Cheliped (Fig. 7A). Longer than half of total body length. Sclerite with simple medial seta. Basis divided unequally by sclerite, 1/w ratio 1.7, and 0.6× as long as carpus, having dorso-subdistal seta, and with large inner dorsodistal process extending beyond carpus. Merus triangular, with 3 ventral setae. Carpus as long as propodus including fixed finger, 1/w ratio 2.5, with 1 dorsoproximal and 1 dorsomedial seta, ventral margin with 3 medial setae. Propodus longer than cephalothorax, with 1 seta at dactylus insertion and inner row of at least 14 short setae and 1 longer seta. Fixed finger inner margin with 3 setae and 2 processes, ventral margin with 3 simple setae. Dactylus as long as fixed finger, with small dorsoproximal seta and a row of small, evenly spaced setae on inner margin.
Pereopod 1 (Fig. 7B) 1.25× as long as other pereopods. Coxa with 1 simple seta. Basis as long as carpus and propodus combined, 1/w ratio 7.4, with 1 dorsoproximal simple and 1 setulated seta. Ischium with 1 ventral seta. Merus as long as carpus, with 1 simple distal seta on each margin. Carpus 0.4× as long as basis, with 4 distal setae. Propodus 1.6× as long as carpus, with 1 ventro-subdistal seta, and 3 dorso-subdistal setae. Dactylus and unguis combined 0.8×as long as propodus. Dactylus longer than unguis, with dorsoproximal seta. Pereopod 2 (Fig. 7C) coxa with one simple seta. Basis longer than carpus and propodus combined, 1/w ratio 4.8, with 2 dorsoproximal setulose setae and 1 simple seta. Ischium with 1 ventral seta. Merus as long as carpus, with 1 simple and 1 spiniform ventrodistal seta. Carpus 0.7× as long as propodus, with 1 simple seta and 2 small spiniform ventrodistal setae, and 2 simple dorsodistal setae. Propodus 0.7× as long as basis, with 1 ventro-subdistal spiniform seta and 2 dorso-subdistal setae. Dactylus and unguis combined 0.5× as long as propodus. Dactylus 1.1× as long as unguis, with dorsomedial seta and setules. Pereopod 3 (Fig. 7D) similar to pereopod 2, except basis with only 1 setulose and 1 simple dorsoproximal seta.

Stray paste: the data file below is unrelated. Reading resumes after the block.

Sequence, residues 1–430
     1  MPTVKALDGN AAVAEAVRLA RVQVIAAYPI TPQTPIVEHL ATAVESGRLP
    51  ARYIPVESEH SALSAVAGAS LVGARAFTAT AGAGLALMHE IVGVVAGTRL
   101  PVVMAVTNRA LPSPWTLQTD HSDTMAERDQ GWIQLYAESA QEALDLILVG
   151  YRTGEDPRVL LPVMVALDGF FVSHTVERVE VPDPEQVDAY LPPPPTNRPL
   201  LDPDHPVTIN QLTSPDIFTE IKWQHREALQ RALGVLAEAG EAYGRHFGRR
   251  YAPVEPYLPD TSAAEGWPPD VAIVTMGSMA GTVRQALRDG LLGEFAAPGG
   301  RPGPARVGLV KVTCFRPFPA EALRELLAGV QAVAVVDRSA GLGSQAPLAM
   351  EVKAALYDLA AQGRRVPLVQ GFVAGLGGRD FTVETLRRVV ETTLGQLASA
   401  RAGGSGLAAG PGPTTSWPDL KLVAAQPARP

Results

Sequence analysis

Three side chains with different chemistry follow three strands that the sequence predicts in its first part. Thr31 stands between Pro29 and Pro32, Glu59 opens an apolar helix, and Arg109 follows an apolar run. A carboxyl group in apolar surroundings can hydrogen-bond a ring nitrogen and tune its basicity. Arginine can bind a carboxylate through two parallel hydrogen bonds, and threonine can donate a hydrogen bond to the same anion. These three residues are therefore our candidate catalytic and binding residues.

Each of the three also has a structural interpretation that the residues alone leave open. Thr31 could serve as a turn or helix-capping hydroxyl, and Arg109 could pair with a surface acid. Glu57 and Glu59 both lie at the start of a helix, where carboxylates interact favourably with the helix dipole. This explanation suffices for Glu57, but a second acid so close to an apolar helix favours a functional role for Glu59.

Pereopod 4 (Fig. 7E) coxa fused with body. Basis stout (much more so than in primary male), 1/w ratio 4.3, and 1.4× as long as 3 succeeding articles combined, with 3 dorsoproximal setulose setae. Ischium with 2 ventral setae. Merus 0.8× as long as carpus, with 2 ventrodistal spiniform setae. Carpus with 2 dorsodistal simple and 3 spiniform distal setae. Propodus 1.6× as long as carpus, with 2 spiniform ventro-subdistal setae and 3 distal simple setae. Dactylus incompletely fused with unguis, with fine ventral setules, combined being 0.2× as long as propodus.
Pereopod 5 (Fig. 7F) similar to pereopod 4, except basis with dorsal and ventral ridge, the dorsal bearing a setulose seta whereas the ventral has a simple seta. Propodus with 2 spiniform ventro-subdistal setae and 4 distal simple setae.